Sunday, December 5, 2021




Body, Mind And Spirit
Laurie Kasperbauer

My children are here. In my house. Four adult children, their four significant others and our five grandchildren, ages 5 months to five years. They’ve been here nearly a week celebrating our own Christmas Holiday. That makes 10 adults, counting my husband and me and five young children, living in the same house for a week. Over the last six days, I have felt joy, pride, anxiety and exhaustion, but most of all, I have felt gratitude.

I experienced overwhelming joy the very first morning when the babies all woke early, greeting each other with chubby-armed hugs and slobbery kisses. Joy, when our kids and their spouses, watched the little ones embrace and intervened when the hugs became choke-holds and the kisses involved teeth. Joyous was the celebration of unwrapping gifts, of cannonballs in the pool, of watching dolphins play in the canal as our family observed from the dock.

Pride is an emotion I carry deep into the marrow of my bones. I see our four kids and the outstanding individuals they have chosen as mates, and I wonder how we could be so lucky. Eight young adults who work, play, love and respect, and there is no greater pride than seeing our children as parents themselves, seeing them reflect some of the parenting skills they learned from us, improving on many techniques I struggled with; and admitting to the struggles and inadequacies they sometimes feel themselves. And the deepest pride of all, I attribute to the fact that we could all live under this same roof for a week without harsh words or squabbling. Okay, there was occasional squabbling. Fortunately, it involved those aged 2-5, and it was easily diffused.

Anxiety crept in. Deep breathing was sometimes required. Mostly on my part. As our house guests toddled and sauntered into the kitchen each morning, I began the ritual of breakfast. No fancy cooking here, but pressure to perform and please. Mashed bananas for babies. Pancakes for toddlers. Coffee by the gallon jug for the adults. Pots, pans, dishes, repeat.

Somehow, the time that passed between breakfast, lunch and dinner seemed barely long enough for the dishwasher to be loaded and unloaded. The plates and cups spent little time in the cupboard. We could have run a pipeline to the grocery store with a constant flow of milk, eggs and fruit. Meals ran into one another. The kitchen did not rest.

Exhaustion fell like a heavy boot and not just at the end of the day. For babies who weren’t yet comfortable in their new surroundings and for the parents who attended their needs in the middle of the night, sleep deprivation led to red-rimmed eyes and occasional cranky dispositions. This is not to say that the fogginess and grogginess experienced by the adults could all be blamed on lack of sleep. Some may have been self-induced and involved adult beverages, but of all the emotion that bubbled through my heart and my head this last week, the greatest of all is gratitude.

If you ever want to feel fortunate about where you live, you only need to see this beautiful Island through the eyes of a northern guest. Our family all flew in from various parts of the Midwest — places that had just seen sub-zero temperatures and ground blizzards. They arrived with chapped skin and cracked lips. They hadn’t felt the warmth of the sun in weeks. They hadn’t smelled cut grass or wet leaves in months. Within 24 hours of landing, their skin had rehydrated. The babies’ rosy cheeks healed and softened, making them irresistible to kisses. The layers of clothes peeled away to swimsuits and diaper attire.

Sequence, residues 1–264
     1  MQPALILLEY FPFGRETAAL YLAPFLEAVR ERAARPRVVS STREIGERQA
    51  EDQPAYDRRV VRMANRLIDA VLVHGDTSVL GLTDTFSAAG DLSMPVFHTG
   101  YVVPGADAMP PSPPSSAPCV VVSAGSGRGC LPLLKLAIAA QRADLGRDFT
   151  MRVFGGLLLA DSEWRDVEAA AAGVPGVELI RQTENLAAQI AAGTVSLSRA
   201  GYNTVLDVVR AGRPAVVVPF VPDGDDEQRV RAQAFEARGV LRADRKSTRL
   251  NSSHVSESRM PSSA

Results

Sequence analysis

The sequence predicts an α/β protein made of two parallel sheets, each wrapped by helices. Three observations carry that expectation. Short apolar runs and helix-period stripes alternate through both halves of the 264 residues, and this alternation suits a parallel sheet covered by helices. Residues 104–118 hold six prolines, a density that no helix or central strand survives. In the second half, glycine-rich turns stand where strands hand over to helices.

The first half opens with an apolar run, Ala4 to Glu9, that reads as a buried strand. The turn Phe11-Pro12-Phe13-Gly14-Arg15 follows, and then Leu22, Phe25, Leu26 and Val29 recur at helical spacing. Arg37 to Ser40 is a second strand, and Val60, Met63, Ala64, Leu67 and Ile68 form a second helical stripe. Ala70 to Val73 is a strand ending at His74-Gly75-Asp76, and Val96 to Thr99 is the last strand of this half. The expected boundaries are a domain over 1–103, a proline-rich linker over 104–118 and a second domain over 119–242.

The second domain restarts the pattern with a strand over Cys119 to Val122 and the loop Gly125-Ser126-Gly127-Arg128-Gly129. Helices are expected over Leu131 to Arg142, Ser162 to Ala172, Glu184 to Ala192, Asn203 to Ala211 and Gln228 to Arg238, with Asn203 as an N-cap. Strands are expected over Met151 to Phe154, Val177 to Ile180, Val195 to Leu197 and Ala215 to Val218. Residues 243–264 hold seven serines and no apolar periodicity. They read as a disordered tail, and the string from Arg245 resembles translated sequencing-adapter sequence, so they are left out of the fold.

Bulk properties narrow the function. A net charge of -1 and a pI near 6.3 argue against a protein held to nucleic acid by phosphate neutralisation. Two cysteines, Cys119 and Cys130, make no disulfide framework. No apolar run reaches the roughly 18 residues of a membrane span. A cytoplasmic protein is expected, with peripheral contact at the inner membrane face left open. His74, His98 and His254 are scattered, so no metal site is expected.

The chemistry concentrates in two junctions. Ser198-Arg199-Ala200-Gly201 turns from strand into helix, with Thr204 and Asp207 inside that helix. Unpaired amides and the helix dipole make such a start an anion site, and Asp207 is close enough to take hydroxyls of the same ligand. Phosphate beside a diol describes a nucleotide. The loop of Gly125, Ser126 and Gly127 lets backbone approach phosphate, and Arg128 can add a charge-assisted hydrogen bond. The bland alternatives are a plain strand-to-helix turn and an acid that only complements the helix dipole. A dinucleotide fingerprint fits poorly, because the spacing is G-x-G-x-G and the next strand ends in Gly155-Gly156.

With gratitude I observed my family. The laughter and the baby tears. The consumption of not just food and beverage, but the absorption of the nutrients of life that only loved ones can provide. One night, as is our tradition, was “kids cook” night. I went to the beach to teach a yoga class and returned to a candle-lit table and the smell of seafood and garlic. They thought of everything, and we were nourished by equal parts food, love and appreciation.

My memories of this past week are many. Laughter that filled the house long after I went to bed for the night. Thunderous applause for successful potty-training events. Pool-side conversation. Walks in the neighborhood (two strollers, one wagon, four women and a dog). A warm day at the beach. Baby toes in the sand. Spa day. Hot tub nights. Smelly diapers. Kisses laced with chocolate chips. Hugs, hugs, hugs.

Thankfulness, gratitude and humble pride rise to the surface for where I live, who I live with and who I love. It is my overwhelming gratitude that will keep me afloat after the last family has packed their bags and begun their journey back home. After the bedding is all washed, the refrigerator is restocked, the dishwasher has rested and the washing machine stops spinning, I will sit back with gratitude for the week we had together. I will find matchbox cars and Legos under the sofa cushions and behind the TV. Odd socks, in all sizes, will appear in the garage and the toy box, and Cheerios will emerge from the carpet of my car.

But, the patterns of fingerprints that grace my glass doors will remain for some time. Each time, I see them I will feel gratitude for the people, big and small, who lived here for this week and touched me with love.


Laurie Kasperbauer is an active Florida Realtor specializing in properties in Naples and Marco Island. Laurie also enjoys the spiritual and physical benefits of yoga practice and instructs both group and private classes.


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